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I’ve been really frustrated with the state of discourse in most fields. Most people are, in my biased opinion, caught up in suboptimal discussions. This happens on Facebook, sure, but also on Quora, on blogs, on Reddit, on Hacker News, everywhere.
Prioritization in discourse
We rarely start with the principle of “What’s the most important, interesting, useful and/or surprising thing we could be talking about?”
I like the Give It 100 principle: Don’t bother talking about anything until you’ve done the homework, you’ve experimented enough that others can learn from your experience.
If you look around, people are mostly repeating the same thing over and over again. We discuss things like the optimal color for a Call-To-Action button, or what the best social tools are, or what time you ought to tweet people… all really relatively trivial, mundane stuff.
The real important work tends to happen in the trenches. What are those people reading. I have a feeling Steve Jobs didn’t sit around reading listicles on the Internet.
An interesting thing I’ve noted is that a lot of really successful people like to read biographies and autobiographies of other successful people. Probably because there’s less fortune cookie wisdom and more case studies to study, analyse and learn from.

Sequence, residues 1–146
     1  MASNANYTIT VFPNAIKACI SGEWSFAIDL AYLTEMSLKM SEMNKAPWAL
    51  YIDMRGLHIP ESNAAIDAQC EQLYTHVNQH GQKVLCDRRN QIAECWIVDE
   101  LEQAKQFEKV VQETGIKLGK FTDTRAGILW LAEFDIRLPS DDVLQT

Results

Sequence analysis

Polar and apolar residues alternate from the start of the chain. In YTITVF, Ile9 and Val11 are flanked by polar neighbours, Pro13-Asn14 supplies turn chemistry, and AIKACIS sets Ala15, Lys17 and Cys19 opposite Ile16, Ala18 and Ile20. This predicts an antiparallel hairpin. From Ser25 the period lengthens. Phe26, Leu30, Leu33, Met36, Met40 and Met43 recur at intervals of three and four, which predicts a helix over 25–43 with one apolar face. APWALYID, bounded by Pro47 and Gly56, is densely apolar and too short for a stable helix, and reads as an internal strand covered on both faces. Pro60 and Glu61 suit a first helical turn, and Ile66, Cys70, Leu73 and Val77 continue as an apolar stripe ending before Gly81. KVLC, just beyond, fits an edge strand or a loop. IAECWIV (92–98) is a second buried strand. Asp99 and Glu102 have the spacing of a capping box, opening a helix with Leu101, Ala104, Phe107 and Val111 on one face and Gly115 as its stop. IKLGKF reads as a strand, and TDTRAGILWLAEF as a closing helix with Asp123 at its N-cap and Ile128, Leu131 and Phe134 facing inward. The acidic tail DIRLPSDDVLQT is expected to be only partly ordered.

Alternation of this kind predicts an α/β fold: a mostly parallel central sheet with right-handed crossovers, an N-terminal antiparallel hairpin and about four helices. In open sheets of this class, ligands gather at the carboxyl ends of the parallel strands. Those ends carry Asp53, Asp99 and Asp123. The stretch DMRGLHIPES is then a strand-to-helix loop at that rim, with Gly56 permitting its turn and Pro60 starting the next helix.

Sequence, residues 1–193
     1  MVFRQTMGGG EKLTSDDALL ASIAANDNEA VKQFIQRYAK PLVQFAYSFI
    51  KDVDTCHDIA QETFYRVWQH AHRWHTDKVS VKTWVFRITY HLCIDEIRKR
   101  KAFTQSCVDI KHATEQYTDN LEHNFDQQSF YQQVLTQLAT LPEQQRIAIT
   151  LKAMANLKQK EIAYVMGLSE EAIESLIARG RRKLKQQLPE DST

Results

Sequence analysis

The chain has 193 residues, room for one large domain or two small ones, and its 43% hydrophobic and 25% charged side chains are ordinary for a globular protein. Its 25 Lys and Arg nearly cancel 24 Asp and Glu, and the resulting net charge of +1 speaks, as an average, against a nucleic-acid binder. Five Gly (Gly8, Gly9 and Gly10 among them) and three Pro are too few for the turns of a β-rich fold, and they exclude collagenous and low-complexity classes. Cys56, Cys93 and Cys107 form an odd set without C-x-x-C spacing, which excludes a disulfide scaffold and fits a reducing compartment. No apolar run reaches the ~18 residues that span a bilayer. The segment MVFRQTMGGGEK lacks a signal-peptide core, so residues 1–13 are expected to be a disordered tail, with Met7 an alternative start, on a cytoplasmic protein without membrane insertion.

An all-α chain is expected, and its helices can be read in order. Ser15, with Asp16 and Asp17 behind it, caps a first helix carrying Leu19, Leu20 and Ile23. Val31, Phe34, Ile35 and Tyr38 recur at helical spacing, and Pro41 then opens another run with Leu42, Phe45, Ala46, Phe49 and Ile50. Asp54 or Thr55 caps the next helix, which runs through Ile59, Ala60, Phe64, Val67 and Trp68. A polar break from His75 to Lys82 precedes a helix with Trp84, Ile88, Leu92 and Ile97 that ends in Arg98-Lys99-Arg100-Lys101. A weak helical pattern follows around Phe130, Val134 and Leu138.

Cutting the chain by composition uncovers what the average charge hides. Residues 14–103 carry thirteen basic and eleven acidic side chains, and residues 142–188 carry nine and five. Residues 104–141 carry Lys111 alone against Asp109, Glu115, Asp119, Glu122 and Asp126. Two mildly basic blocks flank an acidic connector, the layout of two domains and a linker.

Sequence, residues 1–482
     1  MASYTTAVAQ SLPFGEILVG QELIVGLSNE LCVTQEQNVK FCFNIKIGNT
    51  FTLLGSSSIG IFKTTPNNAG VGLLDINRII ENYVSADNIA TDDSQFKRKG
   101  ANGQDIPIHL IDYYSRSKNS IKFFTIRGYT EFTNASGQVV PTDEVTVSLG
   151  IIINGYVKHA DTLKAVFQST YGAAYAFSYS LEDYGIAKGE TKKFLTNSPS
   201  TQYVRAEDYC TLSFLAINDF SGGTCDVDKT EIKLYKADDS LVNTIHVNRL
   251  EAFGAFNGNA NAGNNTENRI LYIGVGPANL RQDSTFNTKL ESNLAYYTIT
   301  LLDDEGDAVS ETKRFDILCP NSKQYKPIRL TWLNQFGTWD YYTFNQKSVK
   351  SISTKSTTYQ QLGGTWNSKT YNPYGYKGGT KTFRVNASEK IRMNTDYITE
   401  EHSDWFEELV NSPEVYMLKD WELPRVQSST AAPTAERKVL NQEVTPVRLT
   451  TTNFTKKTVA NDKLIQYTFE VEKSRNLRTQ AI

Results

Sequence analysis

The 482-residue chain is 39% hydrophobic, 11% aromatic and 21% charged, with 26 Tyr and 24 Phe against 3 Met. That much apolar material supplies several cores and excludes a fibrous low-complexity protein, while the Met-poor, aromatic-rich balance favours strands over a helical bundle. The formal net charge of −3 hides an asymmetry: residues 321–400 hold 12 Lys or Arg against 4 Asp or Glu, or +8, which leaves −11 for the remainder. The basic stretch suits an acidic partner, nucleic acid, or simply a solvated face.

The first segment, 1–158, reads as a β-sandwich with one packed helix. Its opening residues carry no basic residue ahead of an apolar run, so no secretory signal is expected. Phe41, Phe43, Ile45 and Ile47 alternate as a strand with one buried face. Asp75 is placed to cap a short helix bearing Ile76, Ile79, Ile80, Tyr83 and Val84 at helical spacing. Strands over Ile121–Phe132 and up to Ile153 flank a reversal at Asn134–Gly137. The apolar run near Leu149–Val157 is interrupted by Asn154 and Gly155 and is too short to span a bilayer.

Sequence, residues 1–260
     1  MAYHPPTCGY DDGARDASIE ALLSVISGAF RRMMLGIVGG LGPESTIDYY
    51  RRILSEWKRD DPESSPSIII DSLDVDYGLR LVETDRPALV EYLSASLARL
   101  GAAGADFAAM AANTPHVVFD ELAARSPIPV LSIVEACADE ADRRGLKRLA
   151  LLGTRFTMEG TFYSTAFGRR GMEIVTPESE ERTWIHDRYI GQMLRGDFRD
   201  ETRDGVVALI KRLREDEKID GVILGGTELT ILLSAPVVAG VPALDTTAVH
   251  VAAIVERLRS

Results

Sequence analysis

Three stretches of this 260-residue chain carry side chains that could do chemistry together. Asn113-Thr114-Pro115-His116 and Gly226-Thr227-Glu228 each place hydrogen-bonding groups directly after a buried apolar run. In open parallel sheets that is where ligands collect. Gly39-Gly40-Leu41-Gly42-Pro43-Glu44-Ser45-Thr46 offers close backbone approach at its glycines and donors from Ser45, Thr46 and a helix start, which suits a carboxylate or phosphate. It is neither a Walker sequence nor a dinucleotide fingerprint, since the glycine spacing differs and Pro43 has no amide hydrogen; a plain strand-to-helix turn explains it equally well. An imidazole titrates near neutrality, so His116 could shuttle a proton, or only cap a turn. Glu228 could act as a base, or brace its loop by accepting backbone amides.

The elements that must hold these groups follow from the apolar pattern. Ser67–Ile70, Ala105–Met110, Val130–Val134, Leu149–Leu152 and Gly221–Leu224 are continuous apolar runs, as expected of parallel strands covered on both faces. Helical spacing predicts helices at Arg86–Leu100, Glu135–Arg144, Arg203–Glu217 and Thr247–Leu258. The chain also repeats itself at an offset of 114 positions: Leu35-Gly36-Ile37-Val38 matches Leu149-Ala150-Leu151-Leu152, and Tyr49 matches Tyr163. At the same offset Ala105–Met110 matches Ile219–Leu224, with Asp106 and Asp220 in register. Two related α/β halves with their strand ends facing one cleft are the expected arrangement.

You’ll learn more as an entrepreneur from reading about the lives of entrepreneurs than from listening to their victory lap speeches at university commencements.
Utilitarian approach to social media
Another thing I’ve been thinking about or developing in real time is a utilitarian approach to social media. Everybody has a slightly different approach, but I think the casual laidback thing people do on Facebook is to add familiar faces- that guy from the neighbouring class from school 8 years ago, etc. Kinda what we used to do with MSN messenger, where more contacts = more contact options. We Like a bunch of pages for all the products we use, music we listen to, etc.
What we didn’t realize when we were starting out is that we’d eventually develop a newsfeed- there wasn’t really such a thing in 07 or 08. We didn’t realize that we’d be flooded with notifications and data that might not actually be useful to us. And we sorta live with it. Similarly for Twitter I think many of us just mindlessly follow friends and celebrities, as well as social media profiles of brands we like.
All of that is fine if you plan to just be a sort of casual social media user. But I’m always craving something better when it comes to Newsfeeds, so I’ve developed a rather rigorous system.
Visa's Utilitarian Social Media Advice
#1: Avoid broadcasters.